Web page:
Solar (room)

South Solar of Bunratty Castle

The solar was a room in many English and French medieval manor houses, great houses and castles, generally situated on an upper storey, designed as the family's private living and sleeping quarters. In such houses, the main ground-floor room was known as the Great Hall, in which all members of the household, including tenants, employees and servants, would eat. Those of highest status would be at the end, often on a raised dais, and those of lesser status further down the hall. But a need was felt for more privacy to be enjoyed by the head of the household, and, especially, by the senior women of the household. The solar was a room for their particular benefit, in which they could be alone and away from the hustle, bustle, noise and smells (including cooking smells) of the Great Hall.

The solar was generally smaller than the Great Hall, because it was not expected to accommodate so many people, but it was a room of comfort and status, and usually included a fireplace and often decorative woodwork or tapestries/wall hangings.

In manor houses of western France, the solar was sometimes a separate tower or pavilion, away from the ground-floor hall (great hall) to provide more privacy to the lord and his family.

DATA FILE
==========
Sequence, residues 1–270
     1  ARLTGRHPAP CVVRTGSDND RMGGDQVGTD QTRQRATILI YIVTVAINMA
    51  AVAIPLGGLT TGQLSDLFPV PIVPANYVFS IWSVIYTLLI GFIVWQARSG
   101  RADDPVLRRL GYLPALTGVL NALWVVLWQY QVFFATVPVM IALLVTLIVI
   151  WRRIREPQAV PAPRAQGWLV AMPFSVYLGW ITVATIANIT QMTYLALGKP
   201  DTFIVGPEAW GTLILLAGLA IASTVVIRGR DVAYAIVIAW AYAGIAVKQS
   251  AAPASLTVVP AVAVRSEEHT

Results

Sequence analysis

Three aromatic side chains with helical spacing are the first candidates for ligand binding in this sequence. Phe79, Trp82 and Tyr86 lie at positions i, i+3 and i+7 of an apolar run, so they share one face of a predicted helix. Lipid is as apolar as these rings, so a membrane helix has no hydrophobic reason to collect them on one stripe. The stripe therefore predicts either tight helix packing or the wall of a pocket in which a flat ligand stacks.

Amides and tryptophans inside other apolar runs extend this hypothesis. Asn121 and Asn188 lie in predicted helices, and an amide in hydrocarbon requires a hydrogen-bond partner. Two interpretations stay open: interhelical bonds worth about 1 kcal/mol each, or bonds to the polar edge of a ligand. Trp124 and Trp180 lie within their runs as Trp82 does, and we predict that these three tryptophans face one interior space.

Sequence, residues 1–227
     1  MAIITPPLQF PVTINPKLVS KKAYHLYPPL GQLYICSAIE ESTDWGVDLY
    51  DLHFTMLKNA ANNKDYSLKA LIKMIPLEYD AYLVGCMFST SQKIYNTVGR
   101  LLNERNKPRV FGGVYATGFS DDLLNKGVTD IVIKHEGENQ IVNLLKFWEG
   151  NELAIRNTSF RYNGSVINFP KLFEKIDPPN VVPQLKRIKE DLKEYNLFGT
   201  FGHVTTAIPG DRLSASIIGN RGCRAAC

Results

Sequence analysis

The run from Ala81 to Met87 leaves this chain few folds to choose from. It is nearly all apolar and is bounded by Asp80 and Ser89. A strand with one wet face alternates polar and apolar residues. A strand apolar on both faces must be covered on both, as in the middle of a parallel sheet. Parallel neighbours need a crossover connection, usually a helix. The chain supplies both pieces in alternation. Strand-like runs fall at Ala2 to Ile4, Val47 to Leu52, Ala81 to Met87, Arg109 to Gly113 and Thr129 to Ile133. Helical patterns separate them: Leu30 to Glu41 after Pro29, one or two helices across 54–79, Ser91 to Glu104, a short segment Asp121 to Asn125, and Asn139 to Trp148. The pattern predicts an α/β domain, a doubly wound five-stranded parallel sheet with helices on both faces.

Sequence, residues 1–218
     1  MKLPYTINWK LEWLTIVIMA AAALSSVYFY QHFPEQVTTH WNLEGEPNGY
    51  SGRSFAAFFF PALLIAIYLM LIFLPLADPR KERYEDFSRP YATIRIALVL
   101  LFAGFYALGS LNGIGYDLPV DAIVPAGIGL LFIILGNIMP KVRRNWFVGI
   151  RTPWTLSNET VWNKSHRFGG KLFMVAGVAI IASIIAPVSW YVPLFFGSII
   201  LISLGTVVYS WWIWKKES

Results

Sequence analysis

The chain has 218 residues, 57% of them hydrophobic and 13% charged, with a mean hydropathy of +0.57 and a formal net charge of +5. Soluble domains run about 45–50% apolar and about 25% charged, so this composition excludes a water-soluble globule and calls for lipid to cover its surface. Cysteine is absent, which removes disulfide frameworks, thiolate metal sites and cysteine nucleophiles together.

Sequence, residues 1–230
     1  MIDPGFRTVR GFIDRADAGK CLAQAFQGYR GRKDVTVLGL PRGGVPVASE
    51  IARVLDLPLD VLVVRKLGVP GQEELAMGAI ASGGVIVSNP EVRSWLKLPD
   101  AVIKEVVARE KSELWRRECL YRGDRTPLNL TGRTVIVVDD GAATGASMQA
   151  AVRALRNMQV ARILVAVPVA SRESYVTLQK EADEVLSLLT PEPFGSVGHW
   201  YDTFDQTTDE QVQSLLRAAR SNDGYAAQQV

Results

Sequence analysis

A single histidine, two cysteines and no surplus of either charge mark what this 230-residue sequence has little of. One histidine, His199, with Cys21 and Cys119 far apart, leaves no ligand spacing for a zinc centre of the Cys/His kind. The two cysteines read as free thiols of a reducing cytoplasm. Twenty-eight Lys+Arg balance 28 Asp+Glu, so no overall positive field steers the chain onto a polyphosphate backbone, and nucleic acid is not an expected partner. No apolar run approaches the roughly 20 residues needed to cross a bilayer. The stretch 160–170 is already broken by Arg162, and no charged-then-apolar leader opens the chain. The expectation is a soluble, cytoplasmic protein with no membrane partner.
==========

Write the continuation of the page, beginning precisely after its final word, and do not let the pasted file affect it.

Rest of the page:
The possibly related term grianán (from Irish grian, "the sun"; often anglicised as "greenawn") was used in mediaeval Ireland for a sunny parlour or reception room.[1] By extension it was used to refer to any summer palace or noble house.


Beverston Castle in England, dating from the 13th century, has a surviving but ruined solar in the south tower of the west range, with a vaulted undercroft below.

A good example of a recreated solar can be seen at Great Dixter, home of the late British gardener and author Christopher Lloyd in Northiam, East Sussex.


  1. Hogan, Kilkenny; the Ancient City of Ossory, 1884, p.271
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